Case ReportOpen Access

Chronic Glaucoma: A Two-Stage Disease

Syed S Hasnain*

General Ophthalmology, 560 W, Putnam Ave, USA

*Corresponding Author: 
Syed S Hasnain
  General Ophthalmology,
  560 W, Putnam Ave, Suite #6 Porterville, CA 93257, USA
  Tel: 559-781-7482
  Fax: 559-781-8446

Received: May 23, 2017; Published: July 13, 2017

Citation: Syed S Hasnain (2017) Chronic Glaucoma: A Two-Stage Disease. J Clin Ophthalmol optom 1(1): 102


Chronic glaucoma, commonly known as glaucoma, is an unsolved mystery since given a separate entity 160 years ago [1]. Although we have an abundance of glaucoma theories, none of them has addressed the most crucial and pathognomonic feature of glaucoma - the one million or so densely packed nerve fibers (NFs) in the optic nerve head (ONH) being destroyed in an orderly tandem fashion from peripheral to central, but never randomly. The orderly loss of NFs is perhaps the only lead we have in solving the mystery of glaucoma, but surprisingly this aforementioned pathognomonic feature has never been discussed while postulating various glaucoma theories. The raised intraocular pressure (IOP) is the established risk factor of glaucoma. However, raised IOP acting directly on the densely packed NFs cannot result in their orderly destruction. In fact, there is no biological mechanism acting directly on the NFs leading to their orderly loss. There must be some mechanical scenario for the orderly loss of NFs even though that mechanism may have resulted from the biological affect of raised IOP on some important component of the ONH. Therefore, it is hypothesized that glaucoma is a two-stage disease: a biological latent stage leading to atrophy/degeneration of the border tissue of Elschnig (BT), followed by sinking of the lamina cribrosa (LC) resulting in initiation of the mechanical stage leading to the orderly loss of NFs in glaucoma.

Keywords: Chronic Glaucoma; (ONH) Optic Nerve Hypoplasia; IOP; Neurodegeneration


There is plethora of glaucoma theories: the direct role of IOP on the NFs of the ONH, lack of optic nerve perfusion, increased sensitivity of the ONH to IOP, neurodegeneration, apoptosis and low cerebrospinal fluid pressure however these prevalent theories can’t explain the orderly loss of NFs in glaucoma. In fact there is no biological scenario when acting directly on the NFs could result in their orderly loss.

Since high IOP is the established cause of glaucoma, ironically the raised IOP acting directly on the NFs couldn’t result in their orderly loss. Therefore it is proposed that glaucoma is a two-stage disease - a biological stage followed by the mechanical stage.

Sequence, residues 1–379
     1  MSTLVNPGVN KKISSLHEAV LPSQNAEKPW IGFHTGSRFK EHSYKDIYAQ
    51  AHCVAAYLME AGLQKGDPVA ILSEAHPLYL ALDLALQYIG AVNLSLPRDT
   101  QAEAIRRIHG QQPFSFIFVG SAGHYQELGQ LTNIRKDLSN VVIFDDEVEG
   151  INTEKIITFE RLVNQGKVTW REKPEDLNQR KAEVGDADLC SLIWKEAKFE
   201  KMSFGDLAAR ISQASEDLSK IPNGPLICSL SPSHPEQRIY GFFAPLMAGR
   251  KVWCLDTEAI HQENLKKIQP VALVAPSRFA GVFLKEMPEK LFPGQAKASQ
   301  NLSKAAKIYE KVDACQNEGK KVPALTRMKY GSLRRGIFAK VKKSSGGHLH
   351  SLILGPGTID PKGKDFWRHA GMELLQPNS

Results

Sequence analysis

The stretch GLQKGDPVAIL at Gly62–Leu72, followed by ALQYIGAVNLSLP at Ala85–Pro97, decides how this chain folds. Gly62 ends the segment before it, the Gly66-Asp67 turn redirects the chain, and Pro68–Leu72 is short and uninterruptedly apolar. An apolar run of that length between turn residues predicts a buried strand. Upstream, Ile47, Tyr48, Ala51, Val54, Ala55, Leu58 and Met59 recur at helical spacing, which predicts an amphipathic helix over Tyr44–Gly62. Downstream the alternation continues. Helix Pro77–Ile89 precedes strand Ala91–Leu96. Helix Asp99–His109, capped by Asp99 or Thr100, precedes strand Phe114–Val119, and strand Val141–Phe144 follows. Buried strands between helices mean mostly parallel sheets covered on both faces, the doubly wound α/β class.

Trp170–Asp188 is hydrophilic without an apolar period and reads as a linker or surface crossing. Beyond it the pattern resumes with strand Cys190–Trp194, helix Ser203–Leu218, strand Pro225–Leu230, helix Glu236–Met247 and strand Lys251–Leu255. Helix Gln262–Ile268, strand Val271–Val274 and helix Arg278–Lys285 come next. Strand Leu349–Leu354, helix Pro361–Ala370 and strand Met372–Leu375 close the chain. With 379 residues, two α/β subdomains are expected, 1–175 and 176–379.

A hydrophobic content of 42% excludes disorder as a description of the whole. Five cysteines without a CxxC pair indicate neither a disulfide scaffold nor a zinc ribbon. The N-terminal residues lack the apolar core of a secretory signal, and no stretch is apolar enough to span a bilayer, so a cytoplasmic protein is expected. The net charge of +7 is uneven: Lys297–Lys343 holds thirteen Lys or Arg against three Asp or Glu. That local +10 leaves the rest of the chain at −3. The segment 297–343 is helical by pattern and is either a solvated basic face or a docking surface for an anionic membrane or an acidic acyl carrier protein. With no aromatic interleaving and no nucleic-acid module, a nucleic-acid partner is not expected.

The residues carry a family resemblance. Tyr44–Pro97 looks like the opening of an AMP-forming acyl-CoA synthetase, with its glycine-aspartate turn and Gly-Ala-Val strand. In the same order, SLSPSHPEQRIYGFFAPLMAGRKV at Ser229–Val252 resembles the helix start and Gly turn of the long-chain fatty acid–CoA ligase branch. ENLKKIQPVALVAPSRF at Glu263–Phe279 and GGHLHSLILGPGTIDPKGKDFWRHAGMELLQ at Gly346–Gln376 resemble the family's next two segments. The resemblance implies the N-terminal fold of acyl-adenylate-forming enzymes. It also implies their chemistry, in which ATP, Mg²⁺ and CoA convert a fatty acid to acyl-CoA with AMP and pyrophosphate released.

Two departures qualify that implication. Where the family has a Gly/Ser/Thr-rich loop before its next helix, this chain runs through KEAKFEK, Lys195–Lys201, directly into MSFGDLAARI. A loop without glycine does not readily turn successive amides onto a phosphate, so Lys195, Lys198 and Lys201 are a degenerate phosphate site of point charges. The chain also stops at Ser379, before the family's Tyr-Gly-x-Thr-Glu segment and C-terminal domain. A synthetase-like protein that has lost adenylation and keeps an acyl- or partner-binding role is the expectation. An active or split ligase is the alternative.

In the biological stage there is development of atrophy/degeneration of the BT due to chronic ischemia induced by IOP, whether within or above the normal range (10 to 21 mmHg). The biological stage is latent and pre-perimetric. The circular BT keeps the LC firmly in place in the scleral canal. Due to degeneration of the BT, the LC starts sinking in the scleral canal and leads to the initiation of the mechanical and perimetric stage of glaucoma. As a result of the sinking LC, the most peripheral NFs, being closest, are stretched and broken at the scleral edge first and ending with most central NFs in an orderly tandem fashion.

Why is the border tissue being degenerated?

The border tissue of Elschnig is supplied solely by the ciliary circulation which is a low pressure circulation compared to the central retinal artery circulation (CRA). Systemic circulation supplying the BT and IOP are opposing forces. Systemic circulation supplying the BT is normally higher than the IOP for its proper perfusion and healthy maintenance. If this healthy relationship is reversed due to a rise in IOP from an ocular problem as in high tension glaucoma (HTG) or due to reduction in ciliary pressure due to a systemic problem, IOP will take the upper hand.

In the latter scenario any normal range IOP level can become higher than the reduced perfusion pressure of BT and will act as high IOP for that particular subject. Thus normal tension glaucoma (NTG) will ensue. The raised IOP will chronically compress and starve the perfusion of the BT resulting in chronic ischemia and its degeneration. Thus, it is IOP whether above the normal range or within the normal range acting as high IOP in both HTG and NTG respectively resulting in glaucoma (Figure 1).

Chronic glaucoma is indeed a chronic disease as it may take years in the degeneration of the BT in contrast to acute glaucoma in which the IOP suddenly becomes higher than the CRA pressure and causes acute ischemia and immediate death of the retinal cells.

In acute glaucoma the IOP becomes higher than CRA pressure whereas in chronic glaucoma the IOP becomes persistently higher than the perfusion pressure of the BT. The latent period in chronic glaucoma is the start of IOP becoming higher than perfusion pressure of the BT- the reversal of a normal healthy relationship. The latent period varies due to several factors; the higher IOP compared to perfusion pressure of BT, the shorter the latent period.

Moreover, if the BT is inherently weak as in high myopia, the latent period will also be short. Other factors like sleep apnea and smoking resulting in systemic chronic hypoxia will also lead to early degeneration of the BT. Therefore, chronic glaucoma is a multifactorial disease but high IOP is the main risk factor. The more risk factors, the shorter the latent period in a glaucoma subject. Ocular hypertension is not a benign condition but a pre-perimetric glaucoma (latent stage) and should always be treated.